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Anya (FKA Dana) Kotler

Dana Kotler portfolio

Anya Kotler was born in Odessa, Ukraine, and grew up in Jerusalem, Israel. She studied in New York and currently creates paintings and sculptures at her studio in Hoboken. Kotler has been awarded numerous artist grants. She exhibits domestically and abroad, teaches in US universities, and leads workshops in Ireland.



Instagram: @anyakotler

See more of Anya Kotler's artwork, including the award-winning The Introduction,

in the print edition of Issue 153.


Cherri Lakey's Commentary

for The Introduction

I love looking at The Introduction. At first it seems chaotic and confusing, but, like all great works of art, it takes time (and a few viewing sessions) to let its meaning reveal itself. A gathering of friends seems to be the simple narrative, although there is nothing simple about these characters. Neither surrealism, nor realism… it is in a realm all its own… somewhere in between. Perhaps “poetic enigma” best describes both the definite and the elusive nature of the scene. It’s best to set reasoning aside and be a quiet observer off in the corner. Allow these friends from an unknown reality to go about their business of an intimate gathering at the home of the one whose head is filled with great knowledge and sits with the attitude of an oracle eager to welcome the new creature to their social group.

Cherri Lakey commentary

Anya Kotler


in conversation with

Ryan H. Smith

Art interview

Your pieces are open to many interpretations.  What does your work aim to say?

I always wondered whether art is necessarily aiming to say something. I think that when you ask an artist while they are working, what they are trying to say, many would stumble and stammer. At least for me, inside the making process, decisions arise, events occur, colors shapes and meanings occur, but really it all happens as a result of what happened before, and of the current state. The vector is not really beginning in the endpoint, but rather is a process of unfolding and discovery, rolling on somewhat blindly. I suppose, the aim is to channel something, maybe channel the gut. To me, the finished work seems in some way inevitable. It seems like a mirror, reflecting, while I am trying to figure something out. Sometimes I know exactly what I am asking, and then the work is probably more transparent. Other times I make a whole painting and never quite figure out what the question is, in this case perhaps the seeking itself may come through more in the work, rather than a clear question. 


Yes, the work says something, and if I knew how to say it, I gladly would, but I don’t know how to—other than by making it. I suppose, what I aim to say is: we can pause and seek, explore, play, experience, intuit, trust. I get to attempt these pursuits and make a tangible object as a result, so I feel quite fortunate, but everyone has their own manner of doing so. If my work can serve as a vehicle for others to find further channels for their own introspection, I’ll feel quite accomplished. It is impossible for me to know what it would say to others, but I am infinitely curious about that.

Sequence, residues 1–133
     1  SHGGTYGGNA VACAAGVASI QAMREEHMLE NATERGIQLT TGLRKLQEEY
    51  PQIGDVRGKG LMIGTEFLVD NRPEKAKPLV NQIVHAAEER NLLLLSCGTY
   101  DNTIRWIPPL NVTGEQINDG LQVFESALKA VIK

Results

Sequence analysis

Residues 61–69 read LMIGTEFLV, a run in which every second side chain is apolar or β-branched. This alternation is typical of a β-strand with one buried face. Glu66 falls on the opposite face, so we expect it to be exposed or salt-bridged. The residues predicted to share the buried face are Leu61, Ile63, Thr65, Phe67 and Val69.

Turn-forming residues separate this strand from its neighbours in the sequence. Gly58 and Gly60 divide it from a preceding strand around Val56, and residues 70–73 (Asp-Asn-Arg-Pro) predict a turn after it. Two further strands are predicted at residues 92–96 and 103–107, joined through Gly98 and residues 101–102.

Who are your biggest influences?


One of my major influences is my college art professor, mentor and dear friend George Dugan, who had opened my eyes to what I always suspected was there, but did not know how to look for. 

It is hard to filter out the major influences, but here are some that have stayed with me over time, and some that have been added recently, in no particular order: Dostoyevsky, Edwin Dickinson (I try not to look at him), Comte de Lautreamont (!), Simone de Beauvoir, Nietzsche (can’t get away), lately Marisol Escobar, and always Rothko. It’s hard to select visual artists, there are just too many influences, including drawings by kids, and ads on billboards. 

Can you say more about why you try not to look at Dickinson’s work?

When I see something I’m interested in, the freshness of the image in the mind latches onto everything, it becomes so powerful that I see other things through the distortion of that image. Dickinson’s work has certain aims and visual paths that feel similar to some of my own. When I get to my work after seeing some such thing, I feel like the decisions I begin to make are not my own, but are rather something very tempting that is handed to me on a plate. It makes it hard to listen to my work and think clearly.

To be clear, I have nothing against stealing, but stealing has to be done with intentionality, if you want to own the process and get something out of it. But following someone else’s solution is rarely satisfying, and never really solves the problem anyway, because after all every problem is absolutely unique, and requires a new approach every single time. This is why I am careful with looking at work that I admire.

How has your art changed over time?

It has changed. I had a major breakthrough soon after graduating from my MFA program. I received a grant and was able to just paint for nearly a year with no financial worries. I learned that I can paint for myself and not some imaginary audience, I learned the importance of loving the process, and that the end will only be worthwhile if the process was meaningful. My work keeps changing, it is incorporating an increasing variety of mediums, subjects, and directions. I guess I’m on a lifelong pursuit to making something that feels real and true to me, and it is darn hard to get there. 

What advice would you give to new artists trying to cultivate a collector base?

My advice is make honest work. I would hate to crowd anyone’s wall with something that isn’t at least trying hard to be real.

What role does the artist have in society?

That of an oracle, a mirror and a magnifying glass. 

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